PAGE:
During a lull, I went out to check for damage. I still had a roof. Three young trees leaned over, ready to fall, and a large branch had been torn off a mature tree, but none threatened the house. The ground was blanketed with branches and shredded leaves. That afternoon, my neighbor drove up in his tractor. He said my driveway had been washed out where it crosses the creek, but he and another neighbor had repaired it. Adversity can bring out the best in people.

I have a deck under here somewhere.

Tuesday dawned bright and clear. I don’t know where the butterflies had sheltered, but now they flitted from flower to flower and danced in the sunshine.

Zebra Longwing
Florida’s state butterfly

I took Carrie and Al home. Their house was also intact, the inevitable branches littering the yard. I listened to the news. Floods, downed trees, roads closed, bridges washed out. An estimated 15 million without power. That’s ¾ of the state’s residents. It might be weeks before all would be restored. No problem. I have hurricane lamps.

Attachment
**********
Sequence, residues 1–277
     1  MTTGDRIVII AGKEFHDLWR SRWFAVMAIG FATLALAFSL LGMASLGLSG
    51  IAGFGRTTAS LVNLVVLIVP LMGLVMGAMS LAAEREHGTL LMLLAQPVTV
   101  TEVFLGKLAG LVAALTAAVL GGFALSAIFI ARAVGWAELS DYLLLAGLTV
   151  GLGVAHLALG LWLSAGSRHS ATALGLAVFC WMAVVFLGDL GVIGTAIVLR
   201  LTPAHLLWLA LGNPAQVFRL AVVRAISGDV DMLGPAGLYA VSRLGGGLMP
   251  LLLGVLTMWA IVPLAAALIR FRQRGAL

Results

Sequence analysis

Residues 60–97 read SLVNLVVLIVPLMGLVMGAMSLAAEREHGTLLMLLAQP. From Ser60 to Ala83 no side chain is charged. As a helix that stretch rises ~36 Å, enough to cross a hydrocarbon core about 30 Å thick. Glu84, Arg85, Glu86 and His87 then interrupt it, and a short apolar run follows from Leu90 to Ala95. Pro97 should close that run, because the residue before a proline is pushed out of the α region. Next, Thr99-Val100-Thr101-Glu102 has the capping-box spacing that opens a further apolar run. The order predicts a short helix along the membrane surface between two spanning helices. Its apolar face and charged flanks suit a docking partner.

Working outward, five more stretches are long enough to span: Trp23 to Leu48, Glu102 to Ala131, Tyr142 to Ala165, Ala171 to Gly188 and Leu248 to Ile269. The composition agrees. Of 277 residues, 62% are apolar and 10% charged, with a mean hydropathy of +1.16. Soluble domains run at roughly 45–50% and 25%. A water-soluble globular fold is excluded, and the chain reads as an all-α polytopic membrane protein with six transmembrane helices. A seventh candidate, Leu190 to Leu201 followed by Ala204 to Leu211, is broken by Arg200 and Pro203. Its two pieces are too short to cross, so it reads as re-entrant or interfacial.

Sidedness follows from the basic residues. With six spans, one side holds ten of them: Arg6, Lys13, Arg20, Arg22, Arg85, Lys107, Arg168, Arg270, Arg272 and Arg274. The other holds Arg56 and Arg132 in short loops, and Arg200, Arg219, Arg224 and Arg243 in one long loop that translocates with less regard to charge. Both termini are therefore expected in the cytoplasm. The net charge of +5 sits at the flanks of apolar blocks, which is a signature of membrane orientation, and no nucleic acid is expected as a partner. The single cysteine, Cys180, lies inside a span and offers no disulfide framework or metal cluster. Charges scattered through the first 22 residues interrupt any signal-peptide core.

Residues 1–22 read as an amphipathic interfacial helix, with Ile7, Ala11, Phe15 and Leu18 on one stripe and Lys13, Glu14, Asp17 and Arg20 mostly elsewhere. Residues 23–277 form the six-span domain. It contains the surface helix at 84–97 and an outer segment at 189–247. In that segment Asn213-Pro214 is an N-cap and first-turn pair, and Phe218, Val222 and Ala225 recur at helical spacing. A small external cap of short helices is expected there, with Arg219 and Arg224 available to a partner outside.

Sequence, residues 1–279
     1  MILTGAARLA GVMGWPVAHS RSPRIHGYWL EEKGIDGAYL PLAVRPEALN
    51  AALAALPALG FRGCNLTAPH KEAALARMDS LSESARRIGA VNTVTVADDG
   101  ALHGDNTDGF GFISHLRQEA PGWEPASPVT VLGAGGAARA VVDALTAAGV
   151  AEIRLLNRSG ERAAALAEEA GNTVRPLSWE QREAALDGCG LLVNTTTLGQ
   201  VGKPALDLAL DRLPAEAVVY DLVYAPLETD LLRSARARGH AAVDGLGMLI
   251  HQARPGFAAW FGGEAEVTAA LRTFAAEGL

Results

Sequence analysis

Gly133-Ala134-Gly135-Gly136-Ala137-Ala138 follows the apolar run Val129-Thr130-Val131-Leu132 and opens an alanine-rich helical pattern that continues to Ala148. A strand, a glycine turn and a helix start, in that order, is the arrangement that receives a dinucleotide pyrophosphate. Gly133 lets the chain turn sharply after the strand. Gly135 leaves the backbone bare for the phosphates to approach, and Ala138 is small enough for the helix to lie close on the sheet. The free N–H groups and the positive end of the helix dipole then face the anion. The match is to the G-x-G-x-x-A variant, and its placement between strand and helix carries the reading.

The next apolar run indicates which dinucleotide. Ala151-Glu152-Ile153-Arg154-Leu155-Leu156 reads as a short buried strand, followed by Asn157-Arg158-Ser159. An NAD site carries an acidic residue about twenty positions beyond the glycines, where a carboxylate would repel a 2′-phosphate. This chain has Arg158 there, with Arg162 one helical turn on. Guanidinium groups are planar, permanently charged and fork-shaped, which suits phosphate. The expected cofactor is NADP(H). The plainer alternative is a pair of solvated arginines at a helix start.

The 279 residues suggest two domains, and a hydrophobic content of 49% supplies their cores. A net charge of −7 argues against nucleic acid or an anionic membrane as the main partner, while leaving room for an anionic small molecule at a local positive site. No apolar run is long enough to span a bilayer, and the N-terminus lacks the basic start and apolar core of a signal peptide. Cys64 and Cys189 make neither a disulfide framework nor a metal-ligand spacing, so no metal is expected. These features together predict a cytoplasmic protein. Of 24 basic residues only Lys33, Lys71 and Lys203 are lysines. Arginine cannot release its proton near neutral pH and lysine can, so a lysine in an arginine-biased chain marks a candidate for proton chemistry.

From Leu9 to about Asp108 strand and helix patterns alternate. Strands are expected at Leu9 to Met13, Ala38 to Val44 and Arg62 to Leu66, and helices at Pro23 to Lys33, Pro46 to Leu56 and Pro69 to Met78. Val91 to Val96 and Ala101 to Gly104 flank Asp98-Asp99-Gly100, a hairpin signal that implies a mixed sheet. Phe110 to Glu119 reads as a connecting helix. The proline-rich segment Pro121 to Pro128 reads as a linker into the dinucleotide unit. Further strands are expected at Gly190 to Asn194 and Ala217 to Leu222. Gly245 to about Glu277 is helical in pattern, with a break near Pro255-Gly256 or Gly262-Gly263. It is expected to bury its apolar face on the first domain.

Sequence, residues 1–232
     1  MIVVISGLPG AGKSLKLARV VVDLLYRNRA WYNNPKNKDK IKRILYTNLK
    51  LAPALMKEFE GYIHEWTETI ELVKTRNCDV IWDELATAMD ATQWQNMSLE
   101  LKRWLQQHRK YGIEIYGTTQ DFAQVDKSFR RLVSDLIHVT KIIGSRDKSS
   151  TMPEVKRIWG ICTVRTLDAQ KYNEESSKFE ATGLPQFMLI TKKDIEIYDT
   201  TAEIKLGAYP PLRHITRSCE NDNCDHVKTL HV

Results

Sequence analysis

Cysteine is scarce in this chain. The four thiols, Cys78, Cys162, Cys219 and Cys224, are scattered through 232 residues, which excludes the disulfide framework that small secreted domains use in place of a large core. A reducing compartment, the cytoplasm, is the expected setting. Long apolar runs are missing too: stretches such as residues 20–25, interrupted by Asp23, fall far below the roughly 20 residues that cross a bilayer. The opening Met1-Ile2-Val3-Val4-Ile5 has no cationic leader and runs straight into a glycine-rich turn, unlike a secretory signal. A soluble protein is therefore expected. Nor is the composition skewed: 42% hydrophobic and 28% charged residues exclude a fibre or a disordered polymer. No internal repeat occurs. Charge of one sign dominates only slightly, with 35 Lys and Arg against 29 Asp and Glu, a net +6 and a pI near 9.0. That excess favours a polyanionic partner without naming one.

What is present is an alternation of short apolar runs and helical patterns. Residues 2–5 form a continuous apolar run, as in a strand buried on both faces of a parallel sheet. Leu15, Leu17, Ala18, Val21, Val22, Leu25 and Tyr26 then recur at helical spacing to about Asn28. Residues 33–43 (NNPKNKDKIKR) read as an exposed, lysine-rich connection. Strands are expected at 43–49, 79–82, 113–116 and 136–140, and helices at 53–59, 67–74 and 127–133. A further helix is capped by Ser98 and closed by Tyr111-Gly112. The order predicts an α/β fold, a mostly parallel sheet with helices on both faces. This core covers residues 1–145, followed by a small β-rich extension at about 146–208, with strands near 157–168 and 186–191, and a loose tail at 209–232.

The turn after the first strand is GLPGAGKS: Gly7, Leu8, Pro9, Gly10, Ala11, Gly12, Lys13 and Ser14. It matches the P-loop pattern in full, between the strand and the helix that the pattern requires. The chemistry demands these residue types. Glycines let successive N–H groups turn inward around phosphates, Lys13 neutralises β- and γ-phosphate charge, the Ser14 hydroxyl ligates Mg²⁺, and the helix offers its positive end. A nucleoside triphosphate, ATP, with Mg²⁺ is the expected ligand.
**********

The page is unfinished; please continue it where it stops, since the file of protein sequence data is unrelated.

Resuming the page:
Then—miracle of miracles—a few minutes before 7 pm the electricity came back on!

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The mountains beckoned. I had to get high. My daughter in Virginia lives on the west side of the Blue Ridge. The trip there usually takes me two days, but I had to get away from the low country’s heat and humidity and mosquitoes, so instead of my usual route I took US 441, which tracks further to the west. I spent the night in a national forest campground and the next day I was in the mountains. I consulted my roadmaps and my GPS for a good route to my daughter’s and could have driven there in one day, but I couldn’t resist. When the highway intersected with the Blue Ridge Parkway, my heart soared and I turned right and drove all day.

(Disclaimer: You who are familiar with the Rocky Mountains and other lofty ranges may wonder why I find the Appalachians so spectacular. They may appear modest by comparison, but these are old mountains with ancient stories you can feel in your bones.)